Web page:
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Michelle Burnham

Michelle Burnham

Professor

CV

Michelle Burnham specializes in early American literature, transoceanic early modern literature, Native American literature, and the novel. She is the author of Folded Selves: Colonial American Writing in the World System (2007) and Captivity and Sentiment: Cultural Exchange in American Literature, 1682-1865 (1997). She is the editor of The Female American (2nd ed, 2014) and of A Separate Star: Selected Writings of Helen Hunt Jackson (2008). She is currently completing a book, The Revolutionary Pacific: Transoceanic American Writing and the Calculus of Risk.
 
Courses taught include early American literature, Native American literature, the novel, and popular culture.

Research Interests

  • Early American Literature
  • Native American Literature
  • The Novel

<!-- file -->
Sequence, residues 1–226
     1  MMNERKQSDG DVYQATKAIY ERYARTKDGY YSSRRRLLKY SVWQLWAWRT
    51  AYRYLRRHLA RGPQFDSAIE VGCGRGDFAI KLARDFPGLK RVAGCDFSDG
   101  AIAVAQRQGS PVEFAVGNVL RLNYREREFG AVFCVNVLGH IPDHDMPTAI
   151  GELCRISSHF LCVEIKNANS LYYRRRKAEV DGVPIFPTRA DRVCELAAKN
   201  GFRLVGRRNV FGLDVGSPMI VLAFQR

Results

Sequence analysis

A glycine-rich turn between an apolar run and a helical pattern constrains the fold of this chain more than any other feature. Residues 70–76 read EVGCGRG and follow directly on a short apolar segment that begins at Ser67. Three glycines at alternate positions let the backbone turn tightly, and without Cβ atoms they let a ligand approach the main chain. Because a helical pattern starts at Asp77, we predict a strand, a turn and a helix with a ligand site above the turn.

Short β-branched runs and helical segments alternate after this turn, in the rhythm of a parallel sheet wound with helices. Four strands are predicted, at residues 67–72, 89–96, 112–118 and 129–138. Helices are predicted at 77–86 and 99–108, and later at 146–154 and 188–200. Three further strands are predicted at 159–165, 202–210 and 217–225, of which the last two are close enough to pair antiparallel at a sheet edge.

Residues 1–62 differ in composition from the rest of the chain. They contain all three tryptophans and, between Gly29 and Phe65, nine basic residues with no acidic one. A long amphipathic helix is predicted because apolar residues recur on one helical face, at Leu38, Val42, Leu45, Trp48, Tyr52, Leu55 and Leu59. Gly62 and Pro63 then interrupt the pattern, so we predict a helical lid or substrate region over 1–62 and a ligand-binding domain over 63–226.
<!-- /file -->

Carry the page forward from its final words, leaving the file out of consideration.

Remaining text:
• Critical Theory
Publications
  • Books
    • Folded Selves: Colonial New England Writing in the World System (Hanover: UP of New England, 2007).
    • Captivity and Sentiment: Cultural Exchange in American Literature, 1682-1861. UP of New England, 1997.
    • Editor, The Female American, by Unca Eliza Winkfield. Broadview, 2001.
    • Editor, A Separate Star: Selected Writings of Helen Hunt Jackson.  Heyday, 200
  • Articles
    • "Samuel Gorton and the Aesthetics of Colonial Dissent," in William and Mary Quarterly (2010).

    • "Sherman Alexie's Indian Killer as Indigenous Gothic," in Phantom Pasts, Phantom Presence, eds. Colleen Boyd and Coll Thrush (Nebraska, 2010).
    • "Textual Investments: Economics and Colonial American Writing," in Blackwell Companion to Colonial American Literatures, eds. Susan Castillo and Ivy Schweitzer (Blackwell, 2005).
    • "The Periphery Within: Internal Colonialism and the Rhetoric of U.S. Nation Building," in Messy Beginnings: Postcoloniality and Early American Studies, eds. Malini Johar Schueller and Edward Watts (Rutgers, 2003).
    • "Perpetual Emotion Machine," American Literary History (2002).
    • "Pomo Basketweaving, Poison, and the Politics of Restoration in Greg Sarris's Grand Avenue," Studies in American Indian Literatures (2002).